How unimpressive we are, feeling light-headed and suffering from bad breath and fatigue afterjust one day of fasting! How humbling to realize that without nourishment from the soil beneath our feet, our minds quickly become disoriented.

Deprived of nourishment for any substantial length of time, our minds would become incapable of rational thought. Yes. we may admit to God in prayer that we're not really very impressive, but when we fast, we feel it.

Getting the right perspective

Just how may we keep a godly perspective on life? How can we avoid the pitfalls of self-reliance, self-confidence and self-rightcousness?

David said. "I humbled myself with fasting" (Psalm 35:13). Could you profit by following the example of a man whom God said was  "after  His  own   heart"   (I Samuel 13:14)?

The situation is urgent! James warns and exhorts that "God resists the proud, but gives grace to the humble." Therefore submit to God. Resist the devil and he will flee from you. Draw near to God and He will draw near to you" (James 4:6-8).

How do we draw near  to God?

James continues: "Lament and mourn and weep! Let your laughter be turned to mourning and your joy to gloom. Humble yourselves in the sight of the Lord, and He will lift you up" (verses 9-10).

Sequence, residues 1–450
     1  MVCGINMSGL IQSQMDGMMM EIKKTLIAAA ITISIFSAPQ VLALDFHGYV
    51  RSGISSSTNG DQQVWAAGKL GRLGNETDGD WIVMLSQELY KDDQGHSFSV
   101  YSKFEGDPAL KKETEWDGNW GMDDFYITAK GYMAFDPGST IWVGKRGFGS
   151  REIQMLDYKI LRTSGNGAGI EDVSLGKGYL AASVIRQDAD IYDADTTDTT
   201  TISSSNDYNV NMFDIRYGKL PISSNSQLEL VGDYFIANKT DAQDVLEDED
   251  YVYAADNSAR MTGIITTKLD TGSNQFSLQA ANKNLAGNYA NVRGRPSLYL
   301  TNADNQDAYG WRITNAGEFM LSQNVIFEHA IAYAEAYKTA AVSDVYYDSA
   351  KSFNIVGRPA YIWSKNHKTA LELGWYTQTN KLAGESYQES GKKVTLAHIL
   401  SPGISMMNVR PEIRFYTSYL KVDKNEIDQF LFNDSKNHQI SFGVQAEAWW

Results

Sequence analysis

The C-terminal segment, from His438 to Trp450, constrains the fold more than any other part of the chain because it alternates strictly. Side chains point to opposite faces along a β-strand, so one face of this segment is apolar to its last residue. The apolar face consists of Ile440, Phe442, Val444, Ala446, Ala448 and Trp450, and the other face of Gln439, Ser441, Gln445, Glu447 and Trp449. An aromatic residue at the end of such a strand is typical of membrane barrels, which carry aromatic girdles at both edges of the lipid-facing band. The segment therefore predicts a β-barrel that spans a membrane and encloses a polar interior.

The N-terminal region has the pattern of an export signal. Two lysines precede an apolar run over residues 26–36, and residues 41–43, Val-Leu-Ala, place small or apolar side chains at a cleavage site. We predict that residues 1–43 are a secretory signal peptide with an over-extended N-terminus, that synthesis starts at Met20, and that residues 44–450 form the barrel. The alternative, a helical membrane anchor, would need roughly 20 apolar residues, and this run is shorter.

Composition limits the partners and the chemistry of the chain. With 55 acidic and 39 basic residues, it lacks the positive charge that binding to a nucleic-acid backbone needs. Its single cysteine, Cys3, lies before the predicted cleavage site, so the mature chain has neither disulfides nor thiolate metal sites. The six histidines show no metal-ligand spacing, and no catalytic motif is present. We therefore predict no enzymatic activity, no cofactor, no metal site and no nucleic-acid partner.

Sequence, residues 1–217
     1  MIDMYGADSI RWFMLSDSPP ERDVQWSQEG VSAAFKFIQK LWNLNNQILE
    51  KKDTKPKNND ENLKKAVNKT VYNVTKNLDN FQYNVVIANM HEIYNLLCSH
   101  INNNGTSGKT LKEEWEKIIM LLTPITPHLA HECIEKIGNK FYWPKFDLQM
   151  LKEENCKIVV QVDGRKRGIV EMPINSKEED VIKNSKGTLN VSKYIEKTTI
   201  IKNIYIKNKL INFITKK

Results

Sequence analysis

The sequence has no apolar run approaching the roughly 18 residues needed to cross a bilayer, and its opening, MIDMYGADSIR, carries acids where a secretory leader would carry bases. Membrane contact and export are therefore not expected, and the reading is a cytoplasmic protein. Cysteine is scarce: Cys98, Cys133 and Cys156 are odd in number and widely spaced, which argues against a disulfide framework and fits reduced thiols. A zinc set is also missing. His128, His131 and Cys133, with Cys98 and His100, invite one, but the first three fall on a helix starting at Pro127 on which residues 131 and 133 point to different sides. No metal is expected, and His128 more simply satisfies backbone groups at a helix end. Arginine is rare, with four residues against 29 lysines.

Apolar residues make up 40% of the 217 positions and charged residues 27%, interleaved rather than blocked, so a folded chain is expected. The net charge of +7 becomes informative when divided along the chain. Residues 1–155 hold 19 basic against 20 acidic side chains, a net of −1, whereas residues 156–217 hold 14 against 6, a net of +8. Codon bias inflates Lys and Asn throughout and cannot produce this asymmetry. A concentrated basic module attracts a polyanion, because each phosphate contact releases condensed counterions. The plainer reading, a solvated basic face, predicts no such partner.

James prescribes tasting.

Compare the use of the words afflict (Leviticus 23:27), mourn (Matthew 9:14-15), weep (Zechariah 7:1-5) and humbled (Psalm 35:13). They all indicate fasting.

Read the fourth chapter of James and note how James links the process of drawing closer to God with the need to fast.

The right attitude in fasting

Although people have fasted for many reasons, there is only one purpose God accepts. That is to "rend your heart, and not your garments; return to the Lord your God" (Joel 2:13). Our motive in fasting must be to humble and submit ourselves more fully to God.

God respects those who set their hearts to seek His will and direction in their lives. He respects those who want to bring themselves more fully in line with His way of thinking and living (Isaiah 66:3).

However, fasting to get God to side with us or take our part in an argument just won't work. Fasting just to get His attention is also futile (Isaiah 58:3-4).

Jesus explained the great purpose for fasting. We read in Matthew 9:14-15:

"Then the disciples of John came to Him, saying, "Why do we and the Pharisees fast often, but Your disciples do not fast?" And Jesus said to them, "Can the friends of the bridegroom mourn as long as the bridegroom is with them? But the days will come when the bride groom  will  be taken away   from them, and then they will fast."

While He was on earth, Jesus" disciples enjoyed close daily communication with Him. His teaching,  inspiration and encouragement were readily at hand.

But once He returned to heaven, it became more difficult for them to be in harmony with His thinking and clearly understand His will for their daily lives.
 That is why Jesus foretold their need for diligent fasting. Fasting provided the closeness and understanding they had achieved when He had been with them
in person.

We should be fasting for that same reason. It is appropriate that we are directed to fast on the Day of Atonement, which pictures the time when Jesus and all His disciples will finally be brought together in complete harmony (at-one-ment).